In Minnesota, escape from urban hustle and bustle is just minutes away. With so many parks and hiking and biking trails, it’s easy to retreat momentarily to the great outdoors. There’s nothing like a good hike through these parks and along these trails.
Source: 5 Most Scenic Walking Trails In Minnesota « CBS Minnesota
Fitz Loven Park
7877 Ridge Road
Lake Shore, MN 56468
Fitz Loven Park is always open for outdoor activities: hiking, snowshoeing and cross country skiing. Both wilderness and a man-made nature sanctuary, the park has hiking trails, a picnic pavilion, a playground and restrooms. The park is named after the late Fritz Loven, a Minnesotan who developed the 80-acre property he once owned.Visitors can stroll through a canopy of balsam, conifers, Norway pines, fir and black and white spruce trees. The hiking trail surrounds a small trout pond. Camping isn’t allowed. But if you want to go trout fishing, contact the City of Lake Shore first.
Afton State Park takes its name from Afton Water
, a poem the 18th-century Scottish poet Robert Burns
composed. Full of surrounding bluffs and deep secluded ravines, hikers can explore the Saint Croix River and rolling prairies. Trails along the Saint Croix are lush with basswoods and silver maples. Hikers can capture the beauty of the river as they go, or take a break to soak their feet and take in the nature and beautiful scenery around them. The main attractions are a beach for warm weather swimming, bird watching and plenty of prairies and trees.
4801 S. Minnehaha Park Drive
Minneapolis, MN 55417
Wherever your dog likes to roam, that’s where you should go. The Minnehaha trail follows the course of the Mississippi River through a rich corridor of wooded and open areas. For something more venturesome, hike along the bike trail towards Minnehaha Creek near Minneapolis, a canoeing paradise. You can travel Minnehaha Creek by trail or canoe to Lake Harriet.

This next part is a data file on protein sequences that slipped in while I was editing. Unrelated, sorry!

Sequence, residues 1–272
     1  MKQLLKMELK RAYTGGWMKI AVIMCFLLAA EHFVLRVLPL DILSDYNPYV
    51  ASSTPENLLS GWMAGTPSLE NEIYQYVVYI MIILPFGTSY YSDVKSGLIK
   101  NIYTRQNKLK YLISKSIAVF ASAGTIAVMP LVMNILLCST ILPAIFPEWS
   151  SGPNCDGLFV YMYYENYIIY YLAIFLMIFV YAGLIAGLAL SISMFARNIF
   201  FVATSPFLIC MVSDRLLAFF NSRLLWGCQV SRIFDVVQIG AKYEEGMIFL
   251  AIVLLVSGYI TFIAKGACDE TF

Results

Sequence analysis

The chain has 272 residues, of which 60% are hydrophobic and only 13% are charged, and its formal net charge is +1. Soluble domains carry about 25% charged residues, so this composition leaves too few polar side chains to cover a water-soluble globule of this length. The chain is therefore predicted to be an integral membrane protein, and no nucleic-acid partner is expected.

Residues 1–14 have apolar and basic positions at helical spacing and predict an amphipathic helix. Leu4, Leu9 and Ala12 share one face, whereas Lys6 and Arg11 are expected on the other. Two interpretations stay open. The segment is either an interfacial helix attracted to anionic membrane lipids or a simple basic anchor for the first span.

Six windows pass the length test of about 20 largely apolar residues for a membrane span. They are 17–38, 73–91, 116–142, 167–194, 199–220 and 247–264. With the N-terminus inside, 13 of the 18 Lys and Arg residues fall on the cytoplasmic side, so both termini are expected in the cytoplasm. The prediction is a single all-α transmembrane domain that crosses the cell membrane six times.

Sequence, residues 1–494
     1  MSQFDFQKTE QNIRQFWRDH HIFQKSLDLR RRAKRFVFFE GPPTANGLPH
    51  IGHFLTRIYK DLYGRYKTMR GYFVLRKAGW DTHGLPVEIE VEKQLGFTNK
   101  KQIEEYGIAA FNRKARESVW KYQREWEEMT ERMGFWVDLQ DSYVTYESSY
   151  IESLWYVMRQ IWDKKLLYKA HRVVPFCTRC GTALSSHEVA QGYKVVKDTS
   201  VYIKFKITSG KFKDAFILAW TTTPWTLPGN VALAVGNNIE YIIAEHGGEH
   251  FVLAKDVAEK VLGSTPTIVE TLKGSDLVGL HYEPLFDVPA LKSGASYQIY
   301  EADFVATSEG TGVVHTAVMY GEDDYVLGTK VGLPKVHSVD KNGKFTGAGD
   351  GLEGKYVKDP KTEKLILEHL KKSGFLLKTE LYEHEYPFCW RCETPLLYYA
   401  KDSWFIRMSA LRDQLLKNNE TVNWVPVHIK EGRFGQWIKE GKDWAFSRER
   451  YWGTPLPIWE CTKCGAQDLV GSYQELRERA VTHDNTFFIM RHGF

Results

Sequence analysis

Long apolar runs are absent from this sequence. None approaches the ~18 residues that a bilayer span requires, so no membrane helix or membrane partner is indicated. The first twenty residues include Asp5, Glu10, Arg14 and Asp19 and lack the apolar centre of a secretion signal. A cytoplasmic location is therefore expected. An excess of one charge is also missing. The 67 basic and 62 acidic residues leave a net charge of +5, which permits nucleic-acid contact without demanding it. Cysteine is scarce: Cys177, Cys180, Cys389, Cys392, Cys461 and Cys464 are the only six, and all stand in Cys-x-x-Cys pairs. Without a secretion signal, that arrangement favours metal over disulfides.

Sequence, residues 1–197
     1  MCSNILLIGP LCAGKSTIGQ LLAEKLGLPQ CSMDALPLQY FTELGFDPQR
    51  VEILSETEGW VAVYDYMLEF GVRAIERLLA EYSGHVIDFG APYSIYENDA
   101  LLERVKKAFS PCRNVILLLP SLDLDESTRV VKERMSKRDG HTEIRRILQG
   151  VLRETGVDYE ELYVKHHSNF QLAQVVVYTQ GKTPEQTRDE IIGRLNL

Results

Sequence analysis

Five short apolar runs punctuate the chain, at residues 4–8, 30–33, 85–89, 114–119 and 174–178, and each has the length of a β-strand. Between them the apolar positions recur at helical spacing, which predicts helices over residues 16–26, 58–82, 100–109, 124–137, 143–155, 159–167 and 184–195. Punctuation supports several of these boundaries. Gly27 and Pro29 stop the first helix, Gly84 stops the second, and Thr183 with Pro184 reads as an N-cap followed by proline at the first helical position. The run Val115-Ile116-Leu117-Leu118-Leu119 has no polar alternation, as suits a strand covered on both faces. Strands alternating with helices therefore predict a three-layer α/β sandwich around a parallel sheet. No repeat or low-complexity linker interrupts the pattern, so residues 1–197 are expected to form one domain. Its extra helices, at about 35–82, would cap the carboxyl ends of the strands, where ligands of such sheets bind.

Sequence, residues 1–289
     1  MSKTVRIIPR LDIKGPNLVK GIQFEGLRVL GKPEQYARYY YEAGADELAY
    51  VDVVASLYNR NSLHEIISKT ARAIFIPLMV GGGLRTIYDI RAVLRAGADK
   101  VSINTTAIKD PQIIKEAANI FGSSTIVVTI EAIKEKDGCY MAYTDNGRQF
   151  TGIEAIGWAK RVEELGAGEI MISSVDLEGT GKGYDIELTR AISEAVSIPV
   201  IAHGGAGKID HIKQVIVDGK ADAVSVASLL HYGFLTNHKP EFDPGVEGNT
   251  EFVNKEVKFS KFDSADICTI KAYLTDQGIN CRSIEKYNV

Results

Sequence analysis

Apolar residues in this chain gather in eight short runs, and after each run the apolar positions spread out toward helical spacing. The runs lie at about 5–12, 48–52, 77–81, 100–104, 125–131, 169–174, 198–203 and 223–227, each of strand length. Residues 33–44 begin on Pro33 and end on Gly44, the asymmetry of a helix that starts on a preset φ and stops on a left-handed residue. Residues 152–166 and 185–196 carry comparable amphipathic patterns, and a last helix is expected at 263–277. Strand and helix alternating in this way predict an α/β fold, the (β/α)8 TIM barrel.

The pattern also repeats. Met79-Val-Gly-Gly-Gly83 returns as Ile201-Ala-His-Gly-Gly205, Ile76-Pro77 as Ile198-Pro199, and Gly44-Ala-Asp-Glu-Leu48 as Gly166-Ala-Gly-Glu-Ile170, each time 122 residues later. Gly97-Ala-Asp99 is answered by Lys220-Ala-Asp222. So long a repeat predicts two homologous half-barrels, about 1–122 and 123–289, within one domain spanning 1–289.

Minnesota Valley State Trail
19825 Park Blvd.
Jordan, MN 55352
The Minnesota State Trail is part of the Minnesota Valley State Recreation Area. Minutes from Twin Cities, this multi-use state trail has a diverse landscape of wetlands, savanna oak bluffs and floodplain forests. Extending roughly from Shakopee to Belle Plaine through Chaska, the trail leads to the Mississippi River. As you go, be sure to keep an eye out for the varied birds and wildlife that inhabit the area.
Cut Foot Sioux Trail
1037 Division St.
Deer River, MN 56636
This trail is wonderful for bird watching and wildlife observation. Operated by the USDA Forest Service, Cut Foot Sioux Trail runs through the Chippewa National Forest. Although lush with foliage and flush with greenery during the warm months, the trail does not lead to any water source, so hikers should be sure to bring their own canteens. The trail has a vigorous 18-mile loop that horseback riders also use. If you want a break from hiking and need a drink of water, retreat back to Deer River.